We may define these courses by the terms esoteric and exoteric - the former the philosophy of the school, cultivated principally at the universities, trying to systematize everything and reduce all our knowledge to an intelligible principle, losing in this attempt the deeper meaning of Leibnitz's philosophy; the latter the unsystematized philosophy of general culture which we find in the work of the great writers of the classical period, Lessing, Winkelmann, Goethe, Schiller and Herder, all of whom expressed in some degree their indebtedness to Leibnitz.
The more Spinozistic side of Leibnitz's thought - God as Monad of Monads - is a theistic postulate if hardly a theistic proof.
Leibnitz's philosophy has no answer for us.
He is a pure scholastic. The great thoughts of his master - or perhaps indeed rather Leibnitz's secondary thoughts - are dried and pressed by him, labelled and catalogued.
Samuel Clarke, who defended Newton's view of the world against Leibnitz's strictures, is perhaps chiefly interesting to.
Turning now to Leibnitz's conception of the world as a process, we see first that he supplies, in his notion of the underlying reality as force which is represented as spiritual (quelque chose d'analogique au sentiment et a Tappan), both a mechanical and a teleological explanation of its order.
It is probable that Leibnitz's notion of time and space, which approaches Kant's theory, led him to attach but little importance to the successive order of the world.
The modern monistic doctrine, that all material things consist of sentient elements, and that consciousness arises through a combination of these, was a natural transformation of Leibnitz's theory.2 Lessing.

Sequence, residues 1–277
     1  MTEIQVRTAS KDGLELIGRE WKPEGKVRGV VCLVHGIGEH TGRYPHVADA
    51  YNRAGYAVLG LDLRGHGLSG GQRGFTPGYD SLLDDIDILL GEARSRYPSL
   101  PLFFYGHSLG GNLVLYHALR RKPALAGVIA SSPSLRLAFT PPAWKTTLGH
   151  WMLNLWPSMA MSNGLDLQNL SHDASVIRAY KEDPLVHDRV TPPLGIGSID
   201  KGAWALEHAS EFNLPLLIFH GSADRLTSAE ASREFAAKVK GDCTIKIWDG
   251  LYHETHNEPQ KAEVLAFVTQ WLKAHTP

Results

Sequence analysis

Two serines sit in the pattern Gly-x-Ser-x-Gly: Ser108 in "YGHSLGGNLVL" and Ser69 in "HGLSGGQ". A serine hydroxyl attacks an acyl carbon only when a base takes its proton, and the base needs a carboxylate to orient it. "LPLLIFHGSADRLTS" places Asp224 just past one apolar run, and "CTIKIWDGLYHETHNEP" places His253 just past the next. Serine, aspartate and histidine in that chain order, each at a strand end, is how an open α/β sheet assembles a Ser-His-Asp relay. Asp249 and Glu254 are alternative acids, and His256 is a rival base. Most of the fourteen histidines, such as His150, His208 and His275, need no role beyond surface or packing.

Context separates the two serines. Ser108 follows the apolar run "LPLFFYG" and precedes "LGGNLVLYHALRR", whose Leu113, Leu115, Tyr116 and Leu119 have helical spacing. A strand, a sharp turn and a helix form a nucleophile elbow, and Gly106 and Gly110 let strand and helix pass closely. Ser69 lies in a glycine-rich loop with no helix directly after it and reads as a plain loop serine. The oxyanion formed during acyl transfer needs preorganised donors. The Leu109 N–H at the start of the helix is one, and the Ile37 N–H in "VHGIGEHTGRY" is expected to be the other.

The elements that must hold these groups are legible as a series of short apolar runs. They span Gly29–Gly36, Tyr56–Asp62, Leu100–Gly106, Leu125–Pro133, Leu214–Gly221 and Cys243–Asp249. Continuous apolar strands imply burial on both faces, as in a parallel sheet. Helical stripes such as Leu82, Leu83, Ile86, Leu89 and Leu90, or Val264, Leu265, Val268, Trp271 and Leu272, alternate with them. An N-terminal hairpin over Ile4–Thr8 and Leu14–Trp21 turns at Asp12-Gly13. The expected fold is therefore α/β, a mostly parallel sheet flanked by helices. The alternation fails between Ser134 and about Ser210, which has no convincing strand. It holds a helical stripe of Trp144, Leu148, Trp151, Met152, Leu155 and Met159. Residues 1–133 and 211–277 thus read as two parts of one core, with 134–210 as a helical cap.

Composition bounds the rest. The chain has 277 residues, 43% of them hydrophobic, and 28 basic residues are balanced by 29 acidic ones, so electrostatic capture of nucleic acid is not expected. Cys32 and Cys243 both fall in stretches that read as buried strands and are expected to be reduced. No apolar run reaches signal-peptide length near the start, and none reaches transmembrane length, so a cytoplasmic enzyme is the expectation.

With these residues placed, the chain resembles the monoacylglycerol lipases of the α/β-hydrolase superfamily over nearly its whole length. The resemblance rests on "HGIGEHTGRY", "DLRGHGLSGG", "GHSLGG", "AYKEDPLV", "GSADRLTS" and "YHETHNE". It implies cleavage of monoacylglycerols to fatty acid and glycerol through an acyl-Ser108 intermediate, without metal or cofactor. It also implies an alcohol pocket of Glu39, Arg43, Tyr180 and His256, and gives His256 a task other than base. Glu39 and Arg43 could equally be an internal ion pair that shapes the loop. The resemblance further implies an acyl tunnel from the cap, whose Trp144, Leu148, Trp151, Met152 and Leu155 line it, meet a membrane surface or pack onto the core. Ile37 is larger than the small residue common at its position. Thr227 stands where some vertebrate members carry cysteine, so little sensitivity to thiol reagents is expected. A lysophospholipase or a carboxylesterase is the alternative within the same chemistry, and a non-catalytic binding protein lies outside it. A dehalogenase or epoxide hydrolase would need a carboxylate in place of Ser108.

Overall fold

- Of Leibnitz's immediate followers we may mention Lessing, who in his Education of the Human Race brought out the truth of the process of gradual development underlying: human history, even though he expressed this in a form inconsistent with the idea of a spontaneous evolution.
In his Ideen zur Philosophic der Geschichte, Herder adopts Leibnitz's idea of a graduated scale of beings, at the same time conceiving of the lower stages as the conditions, of the higher.
4 While 2 Both Lewes and du Bois Reymond have brought out the points of contact between Leibnitz's theory of monads and modern biological speculations (Hist.
As conditioned in time by lower forms. In this respect it resembles Leibnitz's idea of the world as a development; the idea of evolution is in each case a metaphysical as distinguished from a scientific one.
3 Leibnitz's doctrine of continuity necessarily led him in the same direction; and, of the infinite multitude of monads with which he peopled the world, each is supposed to be the focus of an endless process of evolution and involution.
As an additional claim to remembrance, he was the first to solve Leibnitz's problem of the isochronous curve (Acta Eruditorum, 1690).
He proposed the problem of the catenary or curve formed by a chain suspended by its two extremities, accepted Leibnitz's construction of the curve and solved more complicated problems relating to it.
But Leibnitz's conception of the priority of spirit had too little foundation, and the different elements he sought to combine were too loosely related to one another to stand the strain of the two forces of empiricism and materialism that were opposed to his idealism.
Leibnitz's principle of the " nisi intellectus ipse " was expanded by him into a demon stration the completest yet effected by philosophy of the part played by the subject not merely in the manipulation of the material of experience but in the actual constitution of the object that is known.
If the philosophy of Spinoza provided the poet with a religion which made individual creeds and dogmas unnecessary and impossible, so Leibnitz's doctrine of predestinism supplied the foundations for his faith in the divine mission of human life.
Leibnitz's treatment of the primary principles among truths of reason as identities, and his examples drawn inter alia from the " first principles " of mathematics, influenced Kant by antagonism.
We have as Leibnitz's remaining legacy to later logicians the conception of Characteristica Universalis and Ars Combinatoria, a universal denoting by symbols and a calculus working by substitutions and the like.
It may be said that among Leibnitz's successors there is no Leibnitzia,n.